Identification is an important process in the administration of justice. Where the Court has to know the identity of anything or any person, any fact, which establishes such identity, is relevant. The identity of person can be established by the evidence of persons, who know him. Identification parades are held for the purpose of identifying the persons concerned in an offense or the properties, which are subject matter of an offense. 

         During the course of investigation test identification parades are arranged by the police either in jail or at some other place. Certain persons are brought to such a place and the accused person mixed with them. In case of Property, the property recovered is mixed with some other properties / articles of similar description. Then the Magistrate or the Panch witnesses will ask the witness to identify the property in question or the accused person.  Under Section 9 the evidence given by such witness is relevant.

   Section 9 Provides for the Identification "parade of persons" The purpose of Identification test is to test the memory and veracity of a witness, who claims to identify an accused person, who is said to have participated in a crime.



Section 9. Facts necessary to explain or introduce relevant facts

          Facts necessary to explain or introduce a fact in issue or relevant fact, or which support or rebut an inference suggested by a fact in issue or relevant fact, or which establish the identity of anything or person whose identity is relevant, or fix the time or place at which any fact in issue or relevant fact happened, or which show the relation of parties by whom any such fact was transacted, are relevant in so far as they are necessary for that purpose.

Illustrations

(a) The question is, whether a given document is the will of A.

The state of A’s property and of his family at the date of the alleged will may be relevant facts.

(b) A sues B for a libel imputing disgraceful conduct to A; B affirms that the matter alleged to be libelous is true.

   The position and relations of the parties at the time when the libel was published may be relevant facts as introductory to the facts in issue.

 The particulars of a dispute between A and B about a matter unconnected with the alleged libel are irrelevant, though the fact that there was a dispute may be relevant if it affected the relations between A and B.

(C) A is accused of a crime.

          The fact that, soon after the commission of the crime, A absconded from his house, is relevant under section 8, as a conduct subsequent to and affected by facts in issue.


     The fact that, at the time when he left home he had sudden and urgent business at the place to which he went is relevant, as tending to explain the fact that he left home suddenly.
The details of the business on which he left are not relevant except in so far as they are necessary to show that the business was sudden and urgent.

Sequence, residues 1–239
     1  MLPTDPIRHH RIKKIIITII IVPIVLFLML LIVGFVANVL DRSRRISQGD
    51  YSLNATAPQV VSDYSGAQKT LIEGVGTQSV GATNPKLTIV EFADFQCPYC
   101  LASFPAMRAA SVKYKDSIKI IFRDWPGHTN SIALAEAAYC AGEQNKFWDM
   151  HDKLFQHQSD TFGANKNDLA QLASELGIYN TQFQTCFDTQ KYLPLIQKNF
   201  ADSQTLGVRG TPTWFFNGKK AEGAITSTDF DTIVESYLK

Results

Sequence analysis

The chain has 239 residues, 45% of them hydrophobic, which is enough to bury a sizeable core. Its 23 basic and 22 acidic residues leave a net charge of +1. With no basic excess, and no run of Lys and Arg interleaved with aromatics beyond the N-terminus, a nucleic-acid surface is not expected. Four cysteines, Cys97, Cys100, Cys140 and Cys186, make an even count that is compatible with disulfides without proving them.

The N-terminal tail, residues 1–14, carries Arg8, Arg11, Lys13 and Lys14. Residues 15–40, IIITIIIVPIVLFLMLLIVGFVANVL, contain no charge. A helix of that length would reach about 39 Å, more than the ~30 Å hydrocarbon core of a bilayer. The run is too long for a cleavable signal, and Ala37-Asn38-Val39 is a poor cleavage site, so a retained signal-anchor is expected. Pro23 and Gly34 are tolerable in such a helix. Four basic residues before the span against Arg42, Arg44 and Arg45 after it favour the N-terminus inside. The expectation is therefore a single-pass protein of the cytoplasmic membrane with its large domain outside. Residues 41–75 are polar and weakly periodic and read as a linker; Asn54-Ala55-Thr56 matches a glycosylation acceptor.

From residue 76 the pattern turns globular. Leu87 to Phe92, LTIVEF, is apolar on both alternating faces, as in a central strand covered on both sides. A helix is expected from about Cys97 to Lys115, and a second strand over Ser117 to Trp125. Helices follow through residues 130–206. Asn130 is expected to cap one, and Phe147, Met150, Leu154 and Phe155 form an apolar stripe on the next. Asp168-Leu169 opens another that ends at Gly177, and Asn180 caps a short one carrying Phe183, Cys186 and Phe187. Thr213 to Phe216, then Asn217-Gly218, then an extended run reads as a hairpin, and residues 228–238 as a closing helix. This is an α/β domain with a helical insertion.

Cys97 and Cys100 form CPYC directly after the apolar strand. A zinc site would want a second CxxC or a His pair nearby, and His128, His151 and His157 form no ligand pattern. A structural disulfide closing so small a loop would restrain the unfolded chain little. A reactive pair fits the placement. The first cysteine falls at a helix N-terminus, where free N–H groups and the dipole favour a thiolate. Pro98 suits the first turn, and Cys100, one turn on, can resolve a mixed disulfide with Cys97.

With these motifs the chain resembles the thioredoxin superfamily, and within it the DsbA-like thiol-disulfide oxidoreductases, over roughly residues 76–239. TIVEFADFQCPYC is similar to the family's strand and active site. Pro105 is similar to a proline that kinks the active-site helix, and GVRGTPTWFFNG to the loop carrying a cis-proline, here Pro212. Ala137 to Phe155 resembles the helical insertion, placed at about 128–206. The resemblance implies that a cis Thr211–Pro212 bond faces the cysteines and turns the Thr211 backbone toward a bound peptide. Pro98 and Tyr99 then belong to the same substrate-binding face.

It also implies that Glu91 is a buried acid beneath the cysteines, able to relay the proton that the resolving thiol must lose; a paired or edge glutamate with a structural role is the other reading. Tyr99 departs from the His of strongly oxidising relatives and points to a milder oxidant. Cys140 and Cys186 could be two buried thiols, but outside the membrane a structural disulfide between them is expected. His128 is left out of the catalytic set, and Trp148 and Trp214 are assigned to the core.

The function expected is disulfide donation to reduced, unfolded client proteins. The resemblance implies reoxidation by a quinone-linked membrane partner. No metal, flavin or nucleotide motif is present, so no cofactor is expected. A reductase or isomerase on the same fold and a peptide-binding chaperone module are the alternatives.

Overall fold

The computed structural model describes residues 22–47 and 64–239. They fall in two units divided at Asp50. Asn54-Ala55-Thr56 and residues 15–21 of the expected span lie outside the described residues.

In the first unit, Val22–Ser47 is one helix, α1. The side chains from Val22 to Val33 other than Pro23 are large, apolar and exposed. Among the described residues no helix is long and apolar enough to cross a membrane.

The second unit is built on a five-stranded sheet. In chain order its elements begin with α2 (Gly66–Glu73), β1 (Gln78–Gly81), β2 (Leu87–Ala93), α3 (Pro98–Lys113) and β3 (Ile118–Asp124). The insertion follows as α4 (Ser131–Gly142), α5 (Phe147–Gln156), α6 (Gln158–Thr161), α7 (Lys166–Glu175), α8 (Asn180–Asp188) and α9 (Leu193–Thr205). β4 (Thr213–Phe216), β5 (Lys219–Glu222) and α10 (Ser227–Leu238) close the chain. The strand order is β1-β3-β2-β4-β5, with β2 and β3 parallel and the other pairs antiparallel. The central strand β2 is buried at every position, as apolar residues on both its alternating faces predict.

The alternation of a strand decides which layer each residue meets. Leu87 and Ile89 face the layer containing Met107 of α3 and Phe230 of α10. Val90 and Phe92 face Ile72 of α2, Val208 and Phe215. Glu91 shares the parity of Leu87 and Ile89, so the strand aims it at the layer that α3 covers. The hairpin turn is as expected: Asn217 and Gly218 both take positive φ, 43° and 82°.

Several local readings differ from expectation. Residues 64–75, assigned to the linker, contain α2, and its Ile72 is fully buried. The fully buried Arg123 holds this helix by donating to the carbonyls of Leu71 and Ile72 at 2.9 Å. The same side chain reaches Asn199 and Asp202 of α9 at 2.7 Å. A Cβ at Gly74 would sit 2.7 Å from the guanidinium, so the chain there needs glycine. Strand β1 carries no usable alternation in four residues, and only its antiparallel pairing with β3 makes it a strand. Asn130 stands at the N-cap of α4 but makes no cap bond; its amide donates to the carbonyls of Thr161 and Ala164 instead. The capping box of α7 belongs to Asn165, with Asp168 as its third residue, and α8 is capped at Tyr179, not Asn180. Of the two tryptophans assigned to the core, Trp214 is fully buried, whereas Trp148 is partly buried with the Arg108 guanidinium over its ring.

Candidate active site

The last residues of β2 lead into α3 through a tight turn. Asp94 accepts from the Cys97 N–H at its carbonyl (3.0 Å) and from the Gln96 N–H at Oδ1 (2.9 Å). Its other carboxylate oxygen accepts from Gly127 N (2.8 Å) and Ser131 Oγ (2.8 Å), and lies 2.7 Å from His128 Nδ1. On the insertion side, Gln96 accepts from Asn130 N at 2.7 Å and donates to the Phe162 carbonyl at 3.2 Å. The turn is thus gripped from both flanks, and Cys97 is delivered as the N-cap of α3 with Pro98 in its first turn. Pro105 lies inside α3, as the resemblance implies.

(d) A sues B for inducing C to break a contract of service made by him with A.C, on leaving A’s service, says to A – “I am leaving you because B has made me better offer.” The statement is a relevant fact as explanatory of C’s conduct which is relevant as a fact in issue.

(e) A, accused of theft is seen to give the stolen property to B, who is seen to give it to A’s wife. B says as he delivers it “A says you are to hide this.” B’s statement is relevant as explanatory of a fact which is part of the transaction.


(f) A is tried for a riot and is proved to have marched at the head of a mob. The cries of the mob are relevant as explanatory of the nature of the transaction.
  

 Precautions to be taken for carrying identification parade: 
        

Following precautions to be taken for carrying identification parade 

1)  It should be fair and seems to be fair and every precaution must be taken to exclude any suspicion of unfairness or risk of erroneous identification to through the witness. 


2) The investigation officer concerned with the case against the suspect, if present, must not take part in conducting the parade.

3) The parade should be arranged by an officer who is not a police officer.

4) All unauthorized persons should be strictly excluded from the place of identification parade.

5) The witnesses should be prevented from sitting with the suspect before he is paraded with other persons, and witnesses who have previously seen a photograph or description of the suspect should not be led in identifying the suspect by reason of their collection of the photograph or description, as for instance by being shown the photograph or description before the parade. 

6) The suspect should be placed among the persons who are as far as possible of the same age, height, general appearance (including standard or dress and grooming) and position in life. Two suspects of roughly of similar appearance should be paraded with at least twelve other persons. Where, however, the two suspects are not similar in appearance or where there are more than two suspects, separate parades should be held using different persons on each parade.



Relevant Case law: 

1) Vijayan v. State of Kerala. (1999) 3 SCC 54: 1999 SCC (Cri) 378

               In this case where the photograph of the accused was shown to the identifying witness and also the same was published in local newspapers, the identification parade was worthless. When the witness, identifying at a parade, failed to identify in court, the TI Parade identification lost its important.




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